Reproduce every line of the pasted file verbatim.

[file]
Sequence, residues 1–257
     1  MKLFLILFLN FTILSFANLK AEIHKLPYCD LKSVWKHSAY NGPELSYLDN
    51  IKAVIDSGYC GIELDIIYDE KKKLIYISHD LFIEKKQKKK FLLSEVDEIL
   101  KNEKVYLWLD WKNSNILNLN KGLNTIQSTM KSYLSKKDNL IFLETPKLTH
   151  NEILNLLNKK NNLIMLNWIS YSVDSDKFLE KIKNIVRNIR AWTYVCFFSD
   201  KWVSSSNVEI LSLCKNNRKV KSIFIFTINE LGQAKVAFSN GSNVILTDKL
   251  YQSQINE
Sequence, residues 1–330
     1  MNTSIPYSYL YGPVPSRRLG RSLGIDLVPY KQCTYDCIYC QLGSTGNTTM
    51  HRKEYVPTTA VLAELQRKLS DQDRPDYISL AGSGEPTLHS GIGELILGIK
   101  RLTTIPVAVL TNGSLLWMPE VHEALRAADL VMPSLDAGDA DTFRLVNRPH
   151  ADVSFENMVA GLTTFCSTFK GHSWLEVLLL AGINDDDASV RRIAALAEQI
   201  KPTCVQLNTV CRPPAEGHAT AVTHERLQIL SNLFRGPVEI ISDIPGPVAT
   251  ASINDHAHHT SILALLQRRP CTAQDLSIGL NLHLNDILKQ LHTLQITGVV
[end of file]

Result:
Sequence, residues 1–257
     1  MKLFLILFLN FTILSFANLK AEIHKLPYCD LKSVWKHSAY NGPELSYLDN
    51  IKAVIDSGYC GIELDIIYDE KKKLIYISHD LFIEKKQKKK FLLSEVDEIL
   101  KNEKVYLWLD WKNSNILNLN KGLNTIQSTM KSYLSKKDNL IFLETPKLTH
   151  NEILNLLNKK NNLIMLNWIS YSVDSDKFLE KIKNIVRNIR AWTYVCFFSD
   201  KWVSSSNVEI LSLCKNNRKV KSIFIFTINE LGQAKVAFSN GSNVILTDKL
   251  YQSQINE
Sequence, residues 1–330
     1  MNTSIPYSYL YGPVPSRRLG RSLGIDLVPY KQCTYDCIYC QLGSTGNTTM
    51  HRKEYVPTTA VLAELQRKLS DQDRPDYISL AGSGEPTLHS GIGELILGIK
   101  RLTTIPVAVL TNGSLLWMPE VHEALRAADL VMPSLDAGDA DTFRLVNRPH
   151  ADVSFENMVA GLTTFCSTFK GHSWLEVLLL AGINDDDASV RRIAALAEQI
   201  KPTCVQLNTV CRPPAEGHAT AVTHERLQIL SNLFRGPVEI ISDIPGPVAT
   251  ASINDHAHHT SILALLQRRP CTAQDLSIGL NLHLNDILKQ LHTLQITGVV